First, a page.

Whenever “Dewberry No. 1” or “Dewberry No. 2” appear in the paper, some readers inevitably want to know “the rest of the story.”
The story of those two venerable Baptist churches is well known to long-timers hereabouts, but so many newcomers to this area might not have heard it. Just like a good song deserves to be heard more than once, so does a good story worth telling again.
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Johnny Vardeman discusses local history in a new podcast, Hall Tales, Episode 1: History and mystery of Lake Lanier. Listen here.
Dewberry Baptist Church No. 1 is on Clark’s Bridge Road, Ga. 284, north of Gainesville.
Dewberry Baptist Church No. 2 is on Gainesville-Cleveland Road, U.S. 129. The churches are about 3« miles apart.
Harve Craig was a local newspaper publisher, but he told the two Dewberries story in an Atlanta paper in 1929.
“In 1821,” Craig wrote, “a little band of Baptist brethren got together, organized and erected a small church building and named it Dewberry.”
It was a charter member when the Chattahoochee Baptist Association formed five years later. Dewberry at the time had 23 members. Two of the church’s leading members were Philip Byrd, a native Hall Countian, and George Chapman, who had moved from South Carolina in 1831.
“Brother Byrd was a man of strong opinions, especially on theology,” Craig wrote, “and of obstinate and irascible disposition. Argufying was his natural element ... He and Brother Chapman were constant contenders in the arena of religious disputation. Brother Byrd held firmly to the doctrine of Election and Reprobation — that God had from the beginning ordained that certain individuals should be saved for a life of future bliss and others irretrievably lost ...”
Chapman doubted that, saying that it didn’t look to him like fair play for the Deity to send a soul into this world with a mortgage on it that never matured and couldn’t be paid off. Byrd would respond, sometimes heatedly, it didn’t matter a straw how it looked to him, it was taught by St. Paul in his epistles.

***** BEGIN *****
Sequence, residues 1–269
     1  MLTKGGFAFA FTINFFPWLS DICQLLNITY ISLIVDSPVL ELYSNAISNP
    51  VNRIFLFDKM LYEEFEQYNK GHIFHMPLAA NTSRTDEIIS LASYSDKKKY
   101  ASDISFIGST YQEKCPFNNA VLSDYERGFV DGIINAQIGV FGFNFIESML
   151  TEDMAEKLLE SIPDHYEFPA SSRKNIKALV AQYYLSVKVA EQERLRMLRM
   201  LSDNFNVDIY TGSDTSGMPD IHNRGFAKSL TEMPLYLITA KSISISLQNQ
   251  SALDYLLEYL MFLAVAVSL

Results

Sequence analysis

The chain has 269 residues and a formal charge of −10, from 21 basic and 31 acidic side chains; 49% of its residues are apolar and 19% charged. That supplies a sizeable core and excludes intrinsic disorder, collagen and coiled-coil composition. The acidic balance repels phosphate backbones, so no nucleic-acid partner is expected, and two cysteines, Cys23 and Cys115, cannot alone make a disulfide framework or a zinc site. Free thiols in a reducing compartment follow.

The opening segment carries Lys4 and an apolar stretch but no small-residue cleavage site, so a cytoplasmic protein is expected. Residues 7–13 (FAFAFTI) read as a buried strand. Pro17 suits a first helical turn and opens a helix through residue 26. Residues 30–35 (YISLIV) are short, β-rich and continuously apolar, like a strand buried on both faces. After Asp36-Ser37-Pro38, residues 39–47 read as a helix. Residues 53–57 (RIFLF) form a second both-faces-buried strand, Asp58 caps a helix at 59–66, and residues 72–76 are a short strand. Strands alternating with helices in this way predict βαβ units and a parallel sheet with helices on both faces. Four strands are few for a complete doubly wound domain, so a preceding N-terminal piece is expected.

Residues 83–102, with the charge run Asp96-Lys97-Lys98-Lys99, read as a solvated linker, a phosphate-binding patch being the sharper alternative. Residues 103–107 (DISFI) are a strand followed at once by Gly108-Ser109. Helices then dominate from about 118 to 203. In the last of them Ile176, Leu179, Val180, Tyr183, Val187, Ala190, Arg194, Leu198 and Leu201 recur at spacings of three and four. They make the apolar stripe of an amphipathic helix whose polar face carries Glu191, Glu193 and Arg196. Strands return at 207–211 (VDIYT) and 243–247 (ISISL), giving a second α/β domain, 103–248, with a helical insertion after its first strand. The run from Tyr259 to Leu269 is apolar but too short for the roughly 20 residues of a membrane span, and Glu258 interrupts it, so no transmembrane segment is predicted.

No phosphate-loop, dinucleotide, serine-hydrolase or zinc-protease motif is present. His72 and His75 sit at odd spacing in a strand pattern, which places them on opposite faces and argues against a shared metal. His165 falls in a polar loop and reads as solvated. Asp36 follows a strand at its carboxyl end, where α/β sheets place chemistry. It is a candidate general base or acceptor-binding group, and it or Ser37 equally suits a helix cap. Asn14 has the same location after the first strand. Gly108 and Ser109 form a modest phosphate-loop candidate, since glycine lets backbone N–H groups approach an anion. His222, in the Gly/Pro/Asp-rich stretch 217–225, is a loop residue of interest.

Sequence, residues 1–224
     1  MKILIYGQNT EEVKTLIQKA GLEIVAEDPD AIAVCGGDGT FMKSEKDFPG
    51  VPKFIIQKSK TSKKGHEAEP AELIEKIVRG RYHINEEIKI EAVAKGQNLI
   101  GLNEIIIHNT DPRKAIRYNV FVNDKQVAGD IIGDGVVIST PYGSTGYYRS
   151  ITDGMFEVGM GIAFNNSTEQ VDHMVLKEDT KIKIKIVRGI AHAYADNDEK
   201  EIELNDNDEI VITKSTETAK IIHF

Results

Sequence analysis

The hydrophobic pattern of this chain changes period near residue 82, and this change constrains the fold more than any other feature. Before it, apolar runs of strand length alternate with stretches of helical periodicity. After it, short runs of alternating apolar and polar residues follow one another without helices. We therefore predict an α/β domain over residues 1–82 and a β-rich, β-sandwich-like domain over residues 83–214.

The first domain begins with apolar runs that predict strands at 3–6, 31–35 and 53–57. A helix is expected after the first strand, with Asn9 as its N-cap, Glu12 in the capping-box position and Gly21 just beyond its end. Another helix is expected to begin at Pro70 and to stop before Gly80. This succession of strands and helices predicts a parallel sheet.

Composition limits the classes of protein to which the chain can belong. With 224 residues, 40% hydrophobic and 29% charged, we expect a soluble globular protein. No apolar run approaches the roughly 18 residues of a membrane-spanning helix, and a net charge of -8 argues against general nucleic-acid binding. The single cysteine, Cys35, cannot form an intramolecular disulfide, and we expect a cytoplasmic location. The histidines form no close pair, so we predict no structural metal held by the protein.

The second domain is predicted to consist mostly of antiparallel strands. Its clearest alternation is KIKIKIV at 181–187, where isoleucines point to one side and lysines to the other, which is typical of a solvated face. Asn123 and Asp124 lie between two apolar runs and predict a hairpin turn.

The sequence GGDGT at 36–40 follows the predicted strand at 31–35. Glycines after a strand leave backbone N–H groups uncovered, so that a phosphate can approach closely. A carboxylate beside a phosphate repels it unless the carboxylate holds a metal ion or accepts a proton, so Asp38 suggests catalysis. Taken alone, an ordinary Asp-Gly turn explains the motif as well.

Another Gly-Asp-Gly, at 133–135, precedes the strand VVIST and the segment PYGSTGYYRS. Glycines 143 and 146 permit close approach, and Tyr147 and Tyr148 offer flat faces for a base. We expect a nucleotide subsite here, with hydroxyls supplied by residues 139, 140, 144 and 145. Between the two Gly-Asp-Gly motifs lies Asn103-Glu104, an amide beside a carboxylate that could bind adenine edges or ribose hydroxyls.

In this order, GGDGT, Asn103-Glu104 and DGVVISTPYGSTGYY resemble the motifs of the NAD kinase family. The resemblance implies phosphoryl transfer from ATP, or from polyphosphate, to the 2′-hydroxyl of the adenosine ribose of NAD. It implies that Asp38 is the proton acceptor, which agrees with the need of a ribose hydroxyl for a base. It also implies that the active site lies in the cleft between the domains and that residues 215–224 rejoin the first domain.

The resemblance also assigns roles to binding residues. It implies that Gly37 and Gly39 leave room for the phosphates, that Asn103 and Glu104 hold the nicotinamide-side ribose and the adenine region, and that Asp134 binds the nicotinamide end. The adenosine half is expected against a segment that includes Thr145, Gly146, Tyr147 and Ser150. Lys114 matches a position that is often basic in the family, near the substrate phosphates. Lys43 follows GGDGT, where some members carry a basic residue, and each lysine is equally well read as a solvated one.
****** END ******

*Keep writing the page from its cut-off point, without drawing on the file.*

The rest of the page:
“And thus they had it,” Craig said, “nip and tuck, and these old fathers would argue in bootless discussions on theology. Out of these discussions and the rancor engendered by them a storm-child was born.”
They carried on their debate from time to time, but then it overlapped into their choice for a pastor. Byrd’s following wanted the Rev. Thomas Kimsey, and Chapman had rallied some members behind the Rev. Jackie Rives. That was kind of the final crack that deepened the divide.
One day Chapman and Byrd were eating together, but continuing their theological tiff.
“Brother Byrd,” Craig continued, “as usual, by reason of his ready tongue and aggressiveness, had Brother Chapman about faded, and with an exultant glance at the enemy, he stabbed his fork into a choice piece of fried chicken, waved it aloft and exclaimed, ‘Brother Chapman, it was predestinated before the foundation of the world that I was to eat this piece of chicken.’”
Chapman’s response was to pick up a biscuit, and with it knock the chicken off of Byrd’s fork.
Craig’s version of the story has “a gloomy, flop-eared dog near the men just waiting for someone to throw a morsel in its direction. He smelled the delectable morsel as it swished through the air and made such a catch as would do credit to a big league infielder.”
The mutt plucked that chunk of chicken out of the air, digesting it before anybody could retrieve it.
That incident, legend has it, caused the church to finally split. Craig’s account had Dewberry with 75 members by this time, all but three of them pulling out to find refuge in an abandoned Methodist Church called “Red Stick.” The three faithful remained with Byrd, who continued Dewberry with a preacher coming once a month.
Ironically, 27 years after the split, Chapman’s son, the Rev. Joseph Chapman, became the pastor. He had married Byrd’s adopted daughter.
In 1867, the two churches became Dewberry No. 1 and Dewberry No. 2 because the Chattahoochee Baptist Association was having a hard time keeping two Dewberries’ records straight.
Since their parting, the two churches have thrived in their own missions, still small rural churches doing big things, but co-existing minus any apparent discord.
No. 1 remains on the original Dewberry site, and No. 2 somehow kept the original minutes of the church.
And, paraphrasing Paul Harvey, “That’s the rest of the Dewberry story.”
Johnny Vardeman is retired editor of The Times whose column appears Sundays; e-mail.